By Jennifer McKee
Dr. Martin Luther King, Jr. was born in Atlanta on January 15, 1929 and was inspired by the teachings of Gandhi in seminary school. He later took up the same pulpit as his father and grandfather before him at Ebenezer Baptist Church, and ultimately became the leader of the Civil Rights Movement. At 35, he became the youngest person ever to receive a Nobel Peace Prize.
In 1983, MLK’s birthday became a national holiday. 38 years later, his teachings are more important than ever. Cherish King’s memory and make a difference yourself with 2021’s virtual MLK events. Unless otherwise noted, all events are free.
Events at The King Center Atlanta
The world’s most authoritative home to source materials on King and the American Civil Rights Movement, The King Center was established by Coretta Scott King in 1968. It’s also where MLK and Coretta are entombed.
This year’s King Day offerings include a number of ways to get involved here virtually, such as a global summit with national and international speakers on peace and equity (King’s daughter Bernice is the keynote speaker), nonviolence virtual training sessions, a community commemorative service and more.
Western Michigan University events
Participate in events such as a Twitter discussion on resistance and healing, a virtual public healing experience, a National Day of Racial Healing Celebration and a virtual convocation with Dr. D-L Stewart, who presents “I Wish I Knew How it Would Feel to be Free.” Event registration is free but required.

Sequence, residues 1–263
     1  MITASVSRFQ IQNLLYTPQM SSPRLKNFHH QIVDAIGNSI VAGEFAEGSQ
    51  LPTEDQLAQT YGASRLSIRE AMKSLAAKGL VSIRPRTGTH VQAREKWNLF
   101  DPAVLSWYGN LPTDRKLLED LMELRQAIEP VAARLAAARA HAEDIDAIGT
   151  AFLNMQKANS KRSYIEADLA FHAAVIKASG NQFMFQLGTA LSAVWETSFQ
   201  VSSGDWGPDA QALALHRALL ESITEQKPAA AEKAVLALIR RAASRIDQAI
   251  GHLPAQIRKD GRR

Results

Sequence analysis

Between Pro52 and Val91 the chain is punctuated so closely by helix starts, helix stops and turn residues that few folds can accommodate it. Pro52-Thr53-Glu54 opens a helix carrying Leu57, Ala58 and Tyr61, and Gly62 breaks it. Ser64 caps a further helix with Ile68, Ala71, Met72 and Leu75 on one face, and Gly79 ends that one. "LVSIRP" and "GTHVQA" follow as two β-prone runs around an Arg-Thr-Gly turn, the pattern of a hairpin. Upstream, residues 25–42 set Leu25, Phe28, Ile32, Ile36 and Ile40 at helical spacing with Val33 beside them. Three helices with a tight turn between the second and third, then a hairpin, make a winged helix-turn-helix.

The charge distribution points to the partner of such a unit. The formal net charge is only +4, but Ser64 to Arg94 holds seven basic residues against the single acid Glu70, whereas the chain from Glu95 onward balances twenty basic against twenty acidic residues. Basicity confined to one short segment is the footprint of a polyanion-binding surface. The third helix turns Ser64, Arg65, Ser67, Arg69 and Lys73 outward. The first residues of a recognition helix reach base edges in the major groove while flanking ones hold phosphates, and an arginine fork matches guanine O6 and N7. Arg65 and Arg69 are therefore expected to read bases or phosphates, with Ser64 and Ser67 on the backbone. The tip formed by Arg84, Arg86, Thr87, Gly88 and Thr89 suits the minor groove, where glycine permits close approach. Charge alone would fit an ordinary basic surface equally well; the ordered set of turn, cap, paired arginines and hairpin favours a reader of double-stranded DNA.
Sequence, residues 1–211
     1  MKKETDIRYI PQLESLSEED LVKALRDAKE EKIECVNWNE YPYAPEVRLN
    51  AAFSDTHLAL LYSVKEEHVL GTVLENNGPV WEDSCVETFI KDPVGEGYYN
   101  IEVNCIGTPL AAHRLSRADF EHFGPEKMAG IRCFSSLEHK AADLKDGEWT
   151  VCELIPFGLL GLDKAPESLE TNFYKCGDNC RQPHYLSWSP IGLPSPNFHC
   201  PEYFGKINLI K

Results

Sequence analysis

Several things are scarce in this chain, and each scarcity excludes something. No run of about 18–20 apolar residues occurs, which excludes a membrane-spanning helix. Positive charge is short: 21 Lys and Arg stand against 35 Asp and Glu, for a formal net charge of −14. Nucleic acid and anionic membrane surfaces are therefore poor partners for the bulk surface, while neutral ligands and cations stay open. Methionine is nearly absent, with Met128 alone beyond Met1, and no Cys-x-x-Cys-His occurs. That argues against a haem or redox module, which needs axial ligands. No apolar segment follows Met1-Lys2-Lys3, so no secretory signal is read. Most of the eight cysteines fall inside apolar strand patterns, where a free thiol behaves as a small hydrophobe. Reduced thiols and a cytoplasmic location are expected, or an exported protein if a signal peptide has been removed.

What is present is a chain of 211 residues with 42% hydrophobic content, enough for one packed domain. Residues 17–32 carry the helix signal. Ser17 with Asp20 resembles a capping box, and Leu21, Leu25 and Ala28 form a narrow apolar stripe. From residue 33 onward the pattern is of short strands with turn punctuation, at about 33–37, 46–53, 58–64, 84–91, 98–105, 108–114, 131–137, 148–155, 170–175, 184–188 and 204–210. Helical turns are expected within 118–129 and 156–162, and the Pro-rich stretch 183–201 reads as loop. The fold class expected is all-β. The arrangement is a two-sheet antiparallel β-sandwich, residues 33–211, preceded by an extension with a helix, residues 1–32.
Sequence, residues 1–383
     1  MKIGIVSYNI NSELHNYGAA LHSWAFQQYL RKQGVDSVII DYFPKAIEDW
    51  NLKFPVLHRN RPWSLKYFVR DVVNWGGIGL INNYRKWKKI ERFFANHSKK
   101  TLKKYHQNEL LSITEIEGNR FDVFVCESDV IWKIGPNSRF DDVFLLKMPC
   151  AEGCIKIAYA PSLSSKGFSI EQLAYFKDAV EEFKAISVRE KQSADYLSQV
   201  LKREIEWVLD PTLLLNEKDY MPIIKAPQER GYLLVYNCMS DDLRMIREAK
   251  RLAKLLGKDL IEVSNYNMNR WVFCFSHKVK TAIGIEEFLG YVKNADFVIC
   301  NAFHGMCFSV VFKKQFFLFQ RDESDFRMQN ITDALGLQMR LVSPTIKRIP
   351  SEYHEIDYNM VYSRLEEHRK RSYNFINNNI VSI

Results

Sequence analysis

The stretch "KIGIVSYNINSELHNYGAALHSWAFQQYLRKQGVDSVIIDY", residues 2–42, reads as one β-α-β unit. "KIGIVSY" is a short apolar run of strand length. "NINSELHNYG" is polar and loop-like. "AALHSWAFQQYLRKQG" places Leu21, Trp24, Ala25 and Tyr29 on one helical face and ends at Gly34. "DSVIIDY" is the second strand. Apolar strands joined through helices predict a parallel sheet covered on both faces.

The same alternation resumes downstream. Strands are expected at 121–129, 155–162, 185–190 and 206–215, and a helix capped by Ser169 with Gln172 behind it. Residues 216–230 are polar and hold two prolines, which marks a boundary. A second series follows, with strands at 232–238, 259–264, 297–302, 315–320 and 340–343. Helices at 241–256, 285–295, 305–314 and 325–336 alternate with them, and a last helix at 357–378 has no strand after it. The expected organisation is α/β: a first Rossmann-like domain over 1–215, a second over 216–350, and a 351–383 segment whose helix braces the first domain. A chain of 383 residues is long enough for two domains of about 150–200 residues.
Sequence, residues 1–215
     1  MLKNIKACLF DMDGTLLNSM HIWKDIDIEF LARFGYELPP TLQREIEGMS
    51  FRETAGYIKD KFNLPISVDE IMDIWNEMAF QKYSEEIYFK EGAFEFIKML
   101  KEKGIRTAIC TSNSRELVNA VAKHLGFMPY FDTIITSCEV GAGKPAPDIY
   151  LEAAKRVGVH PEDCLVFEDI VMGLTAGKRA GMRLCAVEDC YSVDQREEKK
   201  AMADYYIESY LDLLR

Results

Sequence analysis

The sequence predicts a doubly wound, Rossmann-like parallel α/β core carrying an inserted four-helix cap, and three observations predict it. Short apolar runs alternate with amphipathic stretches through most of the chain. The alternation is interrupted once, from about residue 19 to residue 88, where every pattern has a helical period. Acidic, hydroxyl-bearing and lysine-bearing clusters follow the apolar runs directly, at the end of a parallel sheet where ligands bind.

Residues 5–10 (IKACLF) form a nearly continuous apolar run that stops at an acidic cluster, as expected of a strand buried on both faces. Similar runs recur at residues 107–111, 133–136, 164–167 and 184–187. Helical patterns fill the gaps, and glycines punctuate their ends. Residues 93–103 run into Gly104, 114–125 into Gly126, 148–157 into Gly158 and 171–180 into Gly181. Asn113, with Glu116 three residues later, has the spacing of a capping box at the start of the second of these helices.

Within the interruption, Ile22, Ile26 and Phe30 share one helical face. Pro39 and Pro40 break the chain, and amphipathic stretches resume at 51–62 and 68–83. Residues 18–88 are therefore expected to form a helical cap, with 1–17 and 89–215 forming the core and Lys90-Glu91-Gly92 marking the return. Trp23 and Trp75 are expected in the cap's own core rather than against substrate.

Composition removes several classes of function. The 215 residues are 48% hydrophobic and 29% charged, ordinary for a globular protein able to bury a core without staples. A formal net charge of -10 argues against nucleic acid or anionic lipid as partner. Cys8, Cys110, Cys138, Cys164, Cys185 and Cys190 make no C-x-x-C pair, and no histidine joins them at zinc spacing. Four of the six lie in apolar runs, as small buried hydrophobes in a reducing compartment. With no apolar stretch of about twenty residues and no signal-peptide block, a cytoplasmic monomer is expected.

Learn more about MLK’s 1963 speech at WMU here.
Saturday, January 16
Voices of Freedom: Arscht Center Tribute
A live-streamed event that was filmed at the North Beach Bandshell, Miami artists reflect on MLK’s six principles of nonviolence. Acts include singer/songwriters, an adult and children’s chorus and poetry.
Monday, January 18
The Virtual MLK Dare to Dream Day
This afternoon-long event from the American Visionary Art Museum features three segments that last 45 minutes each: an artist talk with Kyle Yearwood (11 am EST), a poetry slam and open mic (noon EST) and a performance by Landis Expandis (1 pm EST).
Nashville MLK Day Virtual Convocation
Now celebrating 32 years, this convocation is one of the oldest in the country, and organized by the Interdenominational Ministers Fellowship. It honors the legacy of not only Dr. King but John Lewis. Join featured speaker Reverend James Lawson, 2020 Nashville Youth Poet Laureate Alora Young and the Fisk Jubilee Singers.
Stories from the Black Community
An evening program by black storytellers who share accounts of mental health healing, “This Is My Brave” works to eliminate the stigma of people who suffer in silence. Stories are shared via spoken word, original poetry, comedy, dance and original music.
Minecraft March on Washington
Get a unique look at MLK’s 1963 March on Washington—through the Minecraft video game! Meet the leaders who paved the way for change and current activists who continue King’s legacy to this day. There are a limit of 250 free spots available, so sign up today.
California African American Museum
Attend a day-long series of inspiring events, such as a musical welcome from the Inner City Youth Orchestra of Los Angeles, a study group to discuss King’s speech in support of Memphis Sanitation Workers, a Black Workers and Social Justice forum, family story time and a poetry workshop.
Tuesday, January 19
Lipscomb University Virtual Forum
Lipscomb presents “Keeping Our Community Healthy,” a talk with leaders in the art, entertainment, service, research and mental health fields. Free, but registration is required.
Thursday, January 21
Virtual Panel on Philanthropy & Advancing Racial Equity
Explore how philanthropy can be a way to move racial equity forward in the community. The panel is made up of authors and CEOs.